The Bank of England, which measures inflation and predicts the rates, have astoundingly got it wrong on 40 out of 49 months.
Each time a target was set of 2% and it was exceeded. The RPI came in at 4.7% and the CPI unexpectedly rose to 3.3% in November 2010. This was up from 3.2% and largely due to food and clothing costs. It is is now expected to exceed 4% due to the Vat increase and commodity prices rising.
The question is this; Is this an irregular heart beat or something that will become a permanent trend?
If it does become a trend, there will be concerns over the credibility of the BoE which in turn may end up with the inflation believers to self fulfill the prophecy, thereby increasing inflation inadvertently, even though the BoE has tried to keep it down. The entail will increase the demand for higher wages so as to to keep up with inflation.In itself this will cause more headaches all round and further compounding the issues.
Current UK Growth Lower Than Inflation
With the UK growth currently lower than inflation, house prices falling, and consumer confidence waning, we can definitely expect to see rate rises. However the BoE cannot afford to increase rates yet to overcome inflation. Any Increase too soon will kill a fragile property market and the economy putting a huge strain on household income. Add t tha National Insurance, VAT hikes and other implicit tax hikes and you have a serious problem.
Overcoming Inflation-A Delicate Balance
When consumers start to feel low confidence they will either pull out of investments or place monies elsewhere. This hurts bank revenues, deposits and corporate taxes and could well pull us back into a recession. Time will only tell how long the BoE will be able to keep rates low. Pundits are already talking of a 1 to 1.5% increase in the BoE rate by the end of the year as a minimum. For investors, that means bond markets will probably recoil and we will re-enter a bear market. On the flip side, equities will do OK, however dividends will lose their appeal due to the rising costs and taxes in the investment company’s overheads.
Inflation: An Implicit Tax?
Questions also arise as to whether RPI and CPI rises are in effect inflation or an just an implicit Tax. Quantitative Easing, Chinese wages, commodity prices have all affected the CPI figures dramatically and the general public are now becoming concerned that money held on account is returning little. High inflation means the real value of money is actually decreasing in buying value, even without taking into account the taxation of savings.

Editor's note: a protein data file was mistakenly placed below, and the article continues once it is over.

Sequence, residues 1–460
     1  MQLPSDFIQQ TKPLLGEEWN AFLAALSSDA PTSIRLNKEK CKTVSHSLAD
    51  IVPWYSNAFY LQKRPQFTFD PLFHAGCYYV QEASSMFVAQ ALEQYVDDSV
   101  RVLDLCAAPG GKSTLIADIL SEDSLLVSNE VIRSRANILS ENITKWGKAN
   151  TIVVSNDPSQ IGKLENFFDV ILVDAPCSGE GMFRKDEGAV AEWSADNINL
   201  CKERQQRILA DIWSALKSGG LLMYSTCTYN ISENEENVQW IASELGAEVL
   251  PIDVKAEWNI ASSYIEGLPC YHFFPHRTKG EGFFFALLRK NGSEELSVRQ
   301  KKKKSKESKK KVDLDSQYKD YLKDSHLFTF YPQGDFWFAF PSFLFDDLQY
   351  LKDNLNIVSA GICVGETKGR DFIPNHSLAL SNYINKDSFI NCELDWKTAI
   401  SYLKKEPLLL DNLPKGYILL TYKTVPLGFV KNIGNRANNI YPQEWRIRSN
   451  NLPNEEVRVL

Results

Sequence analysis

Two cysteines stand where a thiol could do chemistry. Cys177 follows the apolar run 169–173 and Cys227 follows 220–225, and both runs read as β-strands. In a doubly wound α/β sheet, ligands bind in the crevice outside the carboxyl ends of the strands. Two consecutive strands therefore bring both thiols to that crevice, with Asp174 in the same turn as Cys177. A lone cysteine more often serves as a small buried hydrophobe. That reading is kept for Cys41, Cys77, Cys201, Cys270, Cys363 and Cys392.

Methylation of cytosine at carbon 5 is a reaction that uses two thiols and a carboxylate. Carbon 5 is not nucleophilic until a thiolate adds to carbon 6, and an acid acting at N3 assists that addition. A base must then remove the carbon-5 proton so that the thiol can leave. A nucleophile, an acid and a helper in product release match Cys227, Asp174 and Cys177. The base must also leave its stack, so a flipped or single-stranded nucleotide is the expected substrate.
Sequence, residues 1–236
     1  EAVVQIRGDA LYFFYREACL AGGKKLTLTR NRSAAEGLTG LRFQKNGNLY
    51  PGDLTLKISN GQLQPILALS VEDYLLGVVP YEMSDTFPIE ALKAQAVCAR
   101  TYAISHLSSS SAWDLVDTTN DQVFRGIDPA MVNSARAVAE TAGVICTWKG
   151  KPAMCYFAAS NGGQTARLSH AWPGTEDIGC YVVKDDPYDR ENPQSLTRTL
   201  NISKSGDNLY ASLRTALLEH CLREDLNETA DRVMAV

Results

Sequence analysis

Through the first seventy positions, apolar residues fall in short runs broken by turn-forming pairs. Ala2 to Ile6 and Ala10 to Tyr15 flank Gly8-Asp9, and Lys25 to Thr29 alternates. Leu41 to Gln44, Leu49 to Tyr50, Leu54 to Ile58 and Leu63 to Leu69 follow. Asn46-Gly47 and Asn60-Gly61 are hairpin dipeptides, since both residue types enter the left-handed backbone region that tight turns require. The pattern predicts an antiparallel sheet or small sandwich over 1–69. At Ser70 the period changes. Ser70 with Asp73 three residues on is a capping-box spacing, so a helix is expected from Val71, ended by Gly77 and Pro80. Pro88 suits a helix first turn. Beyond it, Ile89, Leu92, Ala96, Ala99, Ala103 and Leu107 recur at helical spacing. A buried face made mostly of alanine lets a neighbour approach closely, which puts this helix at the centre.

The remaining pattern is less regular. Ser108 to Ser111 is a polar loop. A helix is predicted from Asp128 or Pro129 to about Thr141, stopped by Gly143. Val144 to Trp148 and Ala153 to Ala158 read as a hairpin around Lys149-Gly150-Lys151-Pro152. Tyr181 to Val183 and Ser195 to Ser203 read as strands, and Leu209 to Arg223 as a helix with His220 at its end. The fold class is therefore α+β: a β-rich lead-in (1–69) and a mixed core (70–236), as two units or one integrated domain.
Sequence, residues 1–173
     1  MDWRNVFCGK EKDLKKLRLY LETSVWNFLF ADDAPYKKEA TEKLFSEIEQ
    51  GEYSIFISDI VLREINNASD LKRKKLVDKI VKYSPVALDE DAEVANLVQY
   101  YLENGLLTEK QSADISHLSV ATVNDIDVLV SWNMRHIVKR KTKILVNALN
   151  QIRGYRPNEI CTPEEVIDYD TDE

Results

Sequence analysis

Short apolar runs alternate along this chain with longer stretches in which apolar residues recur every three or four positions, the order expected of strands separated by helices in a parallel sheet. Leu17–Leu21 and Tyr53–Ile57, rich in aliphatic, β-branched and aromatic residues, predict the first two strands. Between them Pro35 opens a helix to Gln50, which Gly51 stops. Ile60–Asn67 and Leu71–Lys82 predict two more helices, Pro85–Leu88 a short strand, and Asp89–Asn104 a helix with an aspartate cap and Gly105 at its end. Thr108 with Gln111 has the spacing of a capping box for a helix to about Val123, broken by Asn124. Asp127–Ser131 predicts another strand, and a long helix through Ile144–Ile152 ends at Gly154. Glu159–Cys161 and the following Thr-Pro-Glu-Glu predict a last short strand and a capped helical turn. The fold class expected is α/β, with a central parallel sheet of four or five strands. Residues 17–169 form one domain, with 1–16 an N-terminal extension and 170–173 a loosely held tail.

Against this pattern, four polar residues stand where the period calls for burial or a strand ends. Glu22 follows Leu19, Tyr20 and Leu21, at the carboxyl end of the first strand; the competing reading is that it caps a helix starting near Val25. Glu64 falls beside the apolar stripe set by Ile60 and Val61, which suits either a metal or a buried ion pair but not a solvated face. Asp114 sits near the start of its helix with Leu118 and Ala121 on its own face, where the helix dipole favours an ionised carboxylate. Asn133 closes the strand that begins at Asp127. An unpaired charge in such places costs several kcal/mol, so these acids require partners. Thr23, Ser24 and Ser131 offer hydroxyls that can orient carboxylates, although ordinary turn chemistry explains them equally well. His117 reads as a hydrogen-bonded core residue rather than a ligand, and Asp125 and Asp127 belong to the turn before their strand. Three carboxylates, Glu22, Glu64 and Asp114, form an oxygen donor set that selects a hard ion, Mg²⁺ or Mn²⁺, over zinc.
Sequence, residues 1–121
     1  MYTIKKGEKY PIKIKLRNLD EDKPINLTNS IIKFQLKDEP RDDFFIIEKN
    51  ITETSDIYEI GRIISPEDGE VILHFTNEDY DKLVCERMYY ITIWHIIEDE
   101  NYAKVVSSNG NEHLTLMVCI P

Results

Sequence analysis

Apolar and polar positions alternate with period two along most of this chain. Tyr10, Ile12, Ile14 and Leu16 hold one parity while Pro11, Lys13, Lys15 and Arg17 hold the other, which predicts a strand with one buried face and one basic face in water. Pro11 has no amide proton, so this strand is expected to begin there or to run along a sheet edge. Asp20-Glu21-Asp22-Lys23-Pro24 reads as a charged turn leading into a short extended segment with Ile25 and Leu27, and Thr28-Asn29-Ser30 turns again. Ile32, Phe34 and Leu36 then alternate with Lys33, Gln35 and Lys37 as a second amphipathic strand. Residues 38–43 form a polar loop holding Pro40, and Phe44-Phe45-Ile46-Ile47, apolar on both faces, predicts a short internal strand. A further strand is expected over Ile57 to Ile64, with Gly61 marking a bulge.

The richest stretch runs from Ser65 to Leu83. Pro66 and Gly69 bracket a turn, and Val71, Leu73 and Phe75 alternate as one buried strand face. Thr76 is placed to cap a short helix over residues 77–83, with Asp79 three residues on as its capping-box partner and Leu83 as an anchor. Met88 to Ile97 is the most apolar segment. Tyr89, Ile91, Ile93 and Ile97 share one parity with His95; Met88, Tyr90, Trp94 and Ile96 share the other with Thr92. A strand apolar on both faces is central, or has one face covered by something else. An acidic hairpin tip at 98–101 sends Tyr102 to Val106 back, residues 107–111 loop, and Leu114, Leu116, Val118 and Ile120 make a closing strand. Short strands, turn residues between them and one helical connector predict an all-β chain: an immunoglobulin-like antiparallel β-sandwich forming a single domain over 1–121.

Does QE Actually Work?
Wainwright, the economists, looked at monetary based growth, which is where QE is meant to impact most, and analysed data between 1950-2007 . They found that economy growth was actually higher when monetary growth was lower. This included industrial production and even stock market performances. What it does impact is prices. The CPI rose by an average of 5.1% in years of faster monetary growth, and just 2.8% in below average years. QE just expands claims on wealth not necessarily growth itself and beggars the question on whether it helps the economy at all.
Large Corporations Moving Abroad To Save Tax
The Government has recently seen large corporations uprooting and moving to lower tax havens or at least threatening to. Our large firm corporation tax is currently 28%, Ireland is 12.5%, Singapore 17% and Poland 19%. The exodus is already becoming apparent with pharmaceutical companies like Shire, Diageo and Unilever have all made noises about moving head offices to minimise the company tax burden. The government will potentially lose vast revenues in lost corporation tax and national Insurance. Currently only around 8% of total revenue is on corporation tax, so even doubling rates won’t actually make a dent in the deficit.
So, if investing, always pick investment sectors well and diversify the investments to counter any adverse cycles. Ensure that investment returns outperform inflation, and choose investments consistent with your risk attitude. Year end is looming- speak now or pay the tax for another year.
Article submitted by Simon Goody. Please contact us for more information.